I don’t like dusk I never have – it is where there is no escape from the ending of the day and the oncoming of darkness.
It was late in the day last month when I sat beside a bed holding the hand of my friend Antonio when he turned to me and said “I will miss you” his breath was short and strained – I had no words as he lay his head back against the pillow and closed his eyes. It would be the last thing he would ever say to me.
His sister Anna sat across from me, she held his other hand, and had rested her free arm across his chest. We looked at each other and slowly tears escaped us.
It was the first time I have held the hand of someone as they died. This was not a role I volunteered for it was just something I did.
I met Antonio 4 years ago in radiation treatment, he entered with a panache that could not be missed – he was flamboyant and theatrical.
In the closely knit quarters of the waiting room I always found a seat away from others, which meant there were always empty chairs around me and this is how I met Antonio. It was his first day there and my 6th, we exchanged a few brief words. We came and went that week, each day sharing a few more words with a little bit more familiarity.
I don’t think ice is broken when friendships are made, I think it happens when the ice on both sides melts and the water flows together and warms us.
Over time our brief exchanges became animated discussions on anything and everything. On occasion we would go get tea after treatment and sit and talk some more. He said coffee was far too bourgeois for our high level discussions, and then he would laugh the way he did with that cheeky grin.
Faced with a quest like life or death no subject is off limits, so perhaps he knew more about me than many ever will, as I knew more about him than even his family did.
He told me of his first passion, he described his first triumph and he shared with me intimate details of how his heart was broken when his best friend turned on him when he discovered he was gay. His only regret he said, was never making peace with his parents who came from a religious background and could never reconcile with his choice as they called it – to be gay. They had died years ago before any acceptance could be made.
Over the next weeks, months and years we stayed connected, mostly by telephone, occasionally in person, but always by the bonds of truth and empathy.
He lived my nightmare as his cancer came back and in an act of total bravery he cried openly about his fears. It was that day I made a promise, not to him but to myself – to be there when he needed me. As I look back over my life and measure the deficiencies of my being, I have discovered my worst enemy has always been me, the vast majority of promises I have broken, were to myself.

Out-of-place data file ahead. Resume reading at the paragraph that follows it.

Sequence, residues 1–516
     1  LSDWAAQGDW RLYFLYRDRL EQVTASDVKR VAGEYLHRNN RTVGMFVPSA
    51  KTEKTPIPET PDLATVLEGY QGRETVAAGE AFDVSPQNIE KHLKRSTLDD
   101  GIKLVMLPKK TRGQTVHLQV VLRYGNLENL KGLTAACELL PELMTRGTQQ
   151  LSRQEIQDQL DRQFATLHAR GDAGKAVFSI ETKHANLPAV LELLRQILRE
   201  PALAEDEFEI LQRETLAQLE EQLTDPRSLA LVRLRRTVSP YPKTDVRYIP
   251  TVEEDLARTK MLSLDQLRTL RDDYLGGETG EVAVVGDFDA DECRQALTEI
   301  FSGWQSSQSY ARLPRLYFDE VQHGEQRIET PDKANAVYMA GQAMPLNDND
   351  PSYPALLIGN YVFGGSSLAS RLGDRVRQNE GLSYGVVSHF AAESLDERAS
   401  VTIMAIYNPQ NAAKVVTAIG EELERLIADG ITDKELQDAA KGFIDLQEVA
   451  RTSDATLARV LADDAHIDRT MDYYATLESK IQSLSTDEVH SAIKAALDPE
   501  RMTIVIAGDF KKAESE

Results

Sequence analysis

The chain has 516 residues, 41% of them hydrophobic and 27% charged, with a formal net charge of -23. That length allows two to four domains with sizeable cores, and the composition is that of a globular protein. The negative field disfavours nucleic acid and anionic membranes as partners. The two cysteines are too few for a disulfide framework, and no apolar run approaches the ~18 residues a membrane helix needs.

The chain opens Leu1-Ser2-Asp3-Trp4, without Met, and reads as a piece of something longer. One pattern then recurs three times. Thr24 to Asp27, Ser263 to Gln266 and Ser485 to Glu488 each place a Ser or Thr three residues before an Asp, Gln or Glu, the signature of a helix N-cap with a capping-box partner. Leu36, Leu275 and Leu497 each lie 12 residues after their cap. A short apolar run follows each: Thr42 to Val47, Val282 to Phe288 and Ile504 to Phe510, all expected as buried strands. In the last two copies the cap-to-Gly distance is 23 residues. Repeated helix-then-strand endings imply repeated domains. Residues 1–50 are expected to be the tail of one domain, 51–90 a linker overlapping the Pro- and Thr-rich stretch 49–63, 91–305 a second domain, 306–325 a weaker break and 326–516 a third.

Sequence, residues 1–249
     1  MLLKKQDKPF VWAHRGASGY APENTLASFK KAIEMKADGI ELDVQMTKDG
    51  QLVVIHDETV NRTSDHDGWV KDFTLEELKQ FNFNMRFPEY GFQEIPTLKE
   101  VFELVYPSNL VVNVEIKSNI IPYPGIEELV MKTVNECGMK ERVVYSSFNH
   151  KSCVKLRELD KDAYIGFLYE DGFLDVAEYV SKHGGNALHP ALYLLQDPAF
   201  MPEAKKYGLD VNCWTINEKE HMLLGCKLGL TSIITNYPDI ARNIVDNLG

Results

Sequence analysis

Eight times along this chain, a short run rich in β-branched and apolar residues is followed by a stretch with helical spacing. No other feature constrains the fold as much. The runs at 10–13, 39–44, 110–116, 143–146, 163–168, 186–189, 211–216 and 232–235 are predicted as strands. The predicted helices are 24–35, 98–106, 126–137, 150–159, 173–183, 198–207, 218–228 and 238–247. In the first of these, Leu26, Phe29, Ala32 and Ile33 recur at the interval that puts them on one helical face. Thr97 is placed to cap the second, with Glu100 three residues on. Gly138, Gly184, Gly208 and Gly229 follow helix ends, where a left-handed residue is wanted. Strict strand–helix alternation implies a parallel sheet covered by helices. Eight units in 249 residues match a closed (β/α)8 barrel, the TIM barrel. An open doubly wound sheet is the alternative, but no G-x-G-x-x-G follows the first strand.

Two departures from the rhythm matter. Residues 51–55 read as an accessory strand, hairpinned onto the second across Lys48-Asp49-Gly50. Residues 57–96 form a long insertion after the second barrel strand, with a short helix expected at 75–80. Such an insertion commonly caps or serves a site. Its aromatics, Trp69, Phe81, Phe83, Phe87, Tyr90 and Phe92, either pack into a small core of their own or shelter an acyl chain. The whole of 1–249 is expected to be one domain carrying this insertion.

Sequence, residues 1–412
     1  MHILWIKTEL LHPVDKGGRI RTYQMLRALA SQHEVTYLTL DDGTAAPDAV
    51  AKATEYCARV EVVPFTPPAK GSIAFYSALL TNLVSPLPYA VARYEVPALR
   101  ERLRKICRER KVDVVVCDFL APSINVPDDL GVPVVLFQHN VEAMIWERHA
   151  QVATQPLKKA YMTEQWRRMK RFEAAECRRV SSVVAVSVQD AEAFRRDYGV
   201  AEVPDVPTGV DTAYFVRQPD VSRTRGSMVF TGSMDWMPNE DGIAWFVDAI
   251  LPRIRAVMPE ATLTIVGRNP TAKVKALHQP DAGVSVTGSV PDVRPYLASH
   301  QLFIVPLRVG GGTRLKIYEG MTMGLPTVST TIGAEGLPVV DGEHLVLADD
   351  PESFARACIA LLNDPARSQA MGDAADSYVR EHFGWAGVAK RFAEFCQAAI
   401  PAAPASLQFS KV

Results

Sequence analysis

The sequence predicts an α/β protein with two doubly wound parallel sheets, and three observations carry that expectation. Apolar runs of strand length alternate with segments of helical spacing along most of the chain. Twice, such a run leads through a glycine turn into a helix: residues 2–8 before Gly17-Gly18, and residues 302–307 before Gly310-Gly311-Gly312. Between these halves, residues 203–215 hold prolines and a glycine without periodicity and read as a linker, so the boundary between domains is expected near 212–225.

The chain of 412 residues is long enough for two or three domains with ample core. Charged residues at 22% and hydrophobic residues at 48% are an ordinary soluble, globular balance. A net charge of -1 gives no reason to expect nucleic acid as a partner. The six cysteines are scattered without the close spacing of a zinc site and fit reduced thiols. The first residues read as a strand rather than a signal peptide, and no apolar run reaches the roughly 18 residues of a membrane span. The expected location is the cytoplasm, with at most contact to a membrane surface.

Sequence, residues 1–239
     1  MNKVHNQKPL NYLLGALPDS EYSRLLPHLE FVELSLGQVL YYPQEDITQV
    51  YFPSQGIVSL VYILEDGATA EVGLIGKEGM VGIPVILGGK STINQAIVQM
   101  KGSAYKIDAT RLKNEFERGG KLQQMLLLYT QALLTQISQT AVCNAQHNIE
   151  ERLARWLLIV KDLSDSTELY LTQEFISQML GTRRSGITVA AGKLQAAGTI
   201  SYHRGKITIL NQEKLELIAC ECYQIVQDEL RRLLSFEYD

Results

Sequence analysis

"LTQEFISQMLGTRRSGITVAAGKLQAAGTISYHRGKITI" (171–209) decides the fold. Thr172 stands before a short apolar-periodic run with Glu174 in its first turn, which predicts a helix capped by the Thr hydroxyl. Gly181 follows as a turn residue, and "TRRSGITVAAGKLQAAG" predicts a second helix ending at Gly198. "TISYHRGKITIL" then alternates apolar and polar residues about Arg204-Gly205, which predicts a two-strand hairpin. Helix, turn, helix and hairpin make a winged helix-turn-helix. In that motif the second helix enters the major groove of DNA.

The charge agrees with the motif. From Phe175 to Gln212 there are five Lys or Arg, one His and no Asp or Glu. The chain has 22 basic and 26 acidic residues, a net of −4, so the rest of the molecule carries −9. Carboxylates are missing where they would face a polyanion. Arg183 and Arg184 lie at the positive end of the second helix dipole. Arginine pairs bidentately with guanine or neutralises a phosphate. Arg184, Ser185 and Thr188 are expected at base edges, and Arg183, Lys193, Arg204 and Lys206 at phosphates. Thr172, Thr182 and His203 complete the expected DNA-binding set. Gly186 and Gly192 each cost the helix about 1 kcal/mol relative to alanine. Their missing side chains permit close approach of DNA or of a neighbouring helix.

The second time around cancer is often less forgiving but as the Chemo took his hair his humor got stronger. He told me now he had no reason not to become a drag queen as he could now get fabulous wigs. We laughed so hard it hurt, and then we just sat and drank in the enormity of the moment.
Later, in another moment like so many moments I have faced in my life I wondered what I was doing. I wondered how I had gotten myself into this predicament of being so close to his death. It was like when I had been at the top of the first hill on a roller coaster, looking down and wishing I hadn’t got on. Truth be told I closed my eyes on the roller coaster and simply hung on until the end. Here in this moment, I was unable to close my eyes while not wanting the ride to start or end.
Antonio battled harder than I think I ever could have, he refused to go lightly. He used to tell me he kept going by preparing himself at the start of each day to live the best he could, a little exercise some meditation and finding the best outfit he could for each new day. As it happens sometimes even the bravest and best dressed warriors, can’t win the battle and so he started to plan for his final exit.
I have no idea why he asked me to be at his hospice at the end, perhaps because of the way we met – we had no pretense no image to protect – we were just wounded together.
Movies don’t do the final farewell justice – his words to me were not his last moments. He labored in pain until it seemed to subside – and then he slipped away.
He died on Tuesday and on a Friday he was cremated, his many friends and I said farewell at a close ceremony as his ashes were scattered.
I am not here sharing this to receive your condolences, I am here because it seems I can only get clarity in life when I sit and write – it is when my truth wins.
I am here because when pen meets paper I am able to see the gifts in life, and Antonio gave me so many. He showed me how great lives are lead one verb at a time – that inside every man is a little camp – and that our final words are not what counts. It is not his final words “I will miss you” that now ring in my head, but instead the culmination of what we shared in our short time. After all truth is not the words we say it is the promises that we keep.
Good night my Friend ..